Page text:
When this perishable body puts on imperishability, and this mortal body puts on immortality, then the saying that is written will be fulfilled: “…Where, O Death, is thy victory? Where, O Death, is thy sting?” – 1 Corinthians 15:54-55
Recently, a person dear to me was out jogging when he was stung by a wasp. Severely allergic, he collapsed within sight of his home, and was found by a neighbor.
Within minutes, this vibrant, kind, smart, funny and perfectly healthy man was in a coma. He would never teach college students again. He would never make another bad dad joke. He would not, in this life, put his arms around his wife–a good second marriage after a first hard one–nor hold his first grandbaby, born just the week before. When it became clear he would not recover consciousness to any meaningful degree, his young adult children and wife decided to take him off life support.
When a wasp sting no bigger than an eyelash can devastate an entire family and community in seconds, life feels impossibly fragile. Paul, you were wrong. Death does still have a sting.
What is perhaps amazing in this is that we ever manage to forget how tenuously our breath is held inside our bodies. We go blithely about our business, driving perilous highways and jogging past venom-laden wildflowers as if we are not doing a high-wire act every minute of every day.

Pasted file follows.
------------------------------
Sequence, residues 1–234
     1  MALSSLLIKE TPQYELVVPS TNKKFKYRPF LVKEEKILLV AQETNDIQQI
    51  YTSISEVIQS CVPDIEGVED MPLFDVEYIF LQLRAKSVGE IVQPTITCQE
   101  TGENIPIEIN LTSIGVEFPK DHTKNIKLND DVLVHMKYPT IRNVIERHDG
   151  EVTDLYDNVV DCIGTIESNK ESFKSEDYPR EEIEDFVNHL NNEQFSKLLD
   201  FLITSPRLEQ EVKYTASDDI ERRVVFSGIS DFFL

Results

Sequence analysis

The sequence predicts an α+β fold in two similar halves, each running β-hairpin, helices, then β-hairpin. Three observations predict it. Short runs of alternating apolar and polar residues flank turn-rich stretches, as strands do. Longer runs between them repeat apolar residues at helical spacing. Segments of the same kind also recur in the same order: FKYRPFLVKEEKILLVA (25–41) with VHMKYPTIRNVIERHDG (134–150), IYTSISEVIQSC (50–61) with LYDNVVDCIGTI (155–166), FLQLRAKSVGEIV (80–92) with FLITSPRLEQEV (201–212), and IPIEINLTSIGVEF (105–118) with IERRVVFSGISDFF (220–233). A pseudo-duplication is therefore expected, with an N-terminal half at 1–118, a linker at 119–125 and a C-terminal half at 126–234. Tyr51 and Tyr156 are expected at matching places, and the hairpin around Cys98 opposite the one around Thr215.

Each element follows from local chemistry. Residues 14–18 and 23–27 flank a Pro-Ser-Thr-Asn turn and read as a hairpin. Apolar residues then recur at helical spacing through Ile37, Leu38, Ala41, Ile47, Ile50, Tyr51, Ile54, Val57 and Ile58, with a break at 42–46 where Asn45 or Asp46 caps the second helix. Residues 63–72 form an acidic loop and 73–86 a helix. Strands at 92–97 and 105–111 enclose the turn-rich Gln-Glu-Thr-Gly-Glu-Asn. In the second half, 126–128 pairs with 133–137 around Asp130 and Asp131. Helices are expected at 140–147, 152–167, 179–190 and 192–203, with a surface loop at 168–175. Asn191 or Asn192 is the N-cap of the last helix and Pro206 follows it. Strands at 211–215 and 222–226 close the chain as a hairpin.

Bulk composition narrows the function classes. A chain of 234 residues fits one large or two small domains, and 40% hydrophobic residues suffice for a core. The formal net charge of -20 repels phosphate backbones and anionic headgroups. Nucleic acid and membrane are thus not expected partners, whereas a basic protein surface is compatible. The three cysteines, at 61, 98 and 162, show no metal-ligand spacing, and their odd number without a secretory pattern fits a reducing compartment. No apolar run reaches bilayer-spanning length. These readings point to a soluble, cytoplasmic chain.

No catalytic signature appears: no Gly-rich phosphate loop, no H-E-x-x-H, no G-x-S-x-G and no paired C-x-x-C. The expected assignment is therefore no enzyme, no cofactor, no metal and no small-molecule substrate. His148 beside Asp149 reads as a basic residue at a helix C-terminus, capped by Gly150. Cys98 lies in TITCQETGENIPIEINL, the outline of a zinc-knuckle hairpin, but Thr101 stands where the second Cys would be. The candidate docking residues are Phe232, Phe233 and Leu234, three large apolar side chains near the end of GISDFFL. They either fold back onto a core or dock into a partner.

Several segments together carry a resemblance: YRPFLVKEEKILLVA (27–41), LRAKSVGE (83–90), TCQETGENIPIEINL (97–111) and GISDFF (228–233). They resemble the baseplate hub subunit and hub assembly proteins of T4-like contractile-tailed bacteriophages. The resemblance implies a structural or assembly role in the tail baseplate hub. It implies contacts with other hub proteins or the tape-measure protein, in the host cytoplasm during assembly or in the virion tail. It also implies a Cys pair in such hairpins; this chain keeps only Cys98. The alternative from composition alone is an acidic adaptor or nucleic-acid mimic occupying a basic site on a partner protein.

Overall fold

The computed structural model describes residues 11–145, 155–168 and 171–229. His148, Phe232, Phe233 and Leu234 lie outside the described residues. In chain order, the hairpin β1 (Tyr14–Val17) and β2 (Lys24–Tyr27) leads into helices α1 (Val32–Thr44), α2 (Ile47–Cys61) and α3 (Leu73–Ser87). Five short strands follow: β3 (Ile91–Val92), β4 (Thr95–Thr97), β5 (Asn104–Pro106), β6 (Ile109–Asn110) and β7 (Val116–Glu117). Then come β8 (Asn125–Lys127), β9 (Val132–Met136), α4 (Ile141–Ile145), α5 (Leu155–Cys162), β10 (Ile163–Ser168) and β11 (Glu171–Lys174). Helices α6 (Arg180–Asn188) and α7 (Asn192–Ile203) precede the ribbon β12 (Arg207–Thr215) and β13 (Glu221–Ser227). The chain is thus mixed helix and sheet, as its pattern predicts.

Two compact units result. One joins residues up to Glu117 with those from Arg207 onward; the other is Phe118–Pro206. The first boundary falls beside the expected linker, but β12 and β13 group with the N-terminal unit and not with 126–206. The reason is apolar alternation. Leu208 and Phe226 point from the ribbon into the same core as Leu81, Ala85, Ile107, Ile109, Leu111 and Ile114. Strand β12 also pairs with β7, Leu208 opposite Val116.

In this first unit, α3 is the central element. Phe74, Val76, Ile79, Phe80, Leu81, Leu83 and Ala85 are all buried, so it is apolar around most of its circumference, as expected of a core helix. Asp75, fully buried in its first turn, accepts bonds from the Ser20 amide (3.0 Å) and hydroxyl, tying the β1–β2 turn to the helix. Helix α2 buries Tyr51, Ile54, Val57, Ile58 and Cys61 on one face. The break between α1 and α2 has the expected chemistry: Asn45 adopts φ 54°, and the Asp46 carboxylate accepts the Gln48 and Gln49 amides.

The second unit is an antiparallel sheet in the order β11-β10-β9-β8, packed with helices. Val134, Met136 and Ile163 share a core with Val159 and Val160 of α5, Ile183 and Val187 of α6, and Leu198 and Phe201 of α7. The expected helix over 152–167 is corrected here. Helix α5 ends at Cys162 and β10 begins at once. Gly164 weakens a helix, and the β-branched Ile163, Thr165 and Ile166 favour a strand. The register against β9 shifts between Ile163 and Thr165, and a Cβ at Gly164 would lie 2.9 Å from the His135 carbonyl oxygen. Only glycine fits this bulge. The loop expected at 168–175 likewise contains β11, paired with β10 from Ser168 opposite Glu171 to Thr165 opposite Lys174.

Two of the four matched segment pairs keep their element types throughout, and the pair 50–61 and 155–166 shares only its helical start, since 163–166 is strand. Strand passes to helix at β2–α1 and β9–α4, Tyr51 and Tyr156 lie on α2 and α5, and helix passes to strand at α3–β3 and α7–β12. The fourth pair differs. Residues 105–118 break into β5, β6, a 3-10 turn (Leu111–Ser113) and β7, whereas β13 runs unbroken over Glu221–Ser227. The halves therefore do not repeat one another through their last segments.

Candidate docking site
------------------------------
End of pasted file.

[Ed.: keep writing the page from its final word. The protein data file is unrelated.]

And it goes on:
But then when people we love get sick or die out of the natural order of things, we are stung anew by the awareness that we’re only here for a little while. Even if we don’t believe that death is only a doorway into another life, one even bigger and unimaginably broader than this one, that sting has a gift embedded in it: it makes earthly life sweet as honey, igniting our senses with gratitude, deepening our loves, urging us to embrace.
My friend’s widow wrote, at the hour of his death, “We are mixed and blended and rock solid. We are devastated and OK. So how did we get there? We all took risks. We try our best to take care of ourselves and of each other. Hold those you love close.”
God of Imperishability, keep alive in us the sweet savoring joy of a life lived fully, and fully aware of the stinging reality of Death; a life of risky joy and perilous love. And when our days are done, welcome us into the Life to come. Amen.
Molly Baskette is Senior Minister of the First Church of Berkeley, California, and the author of the best-selling Real Good Church and Standing Naked Before God.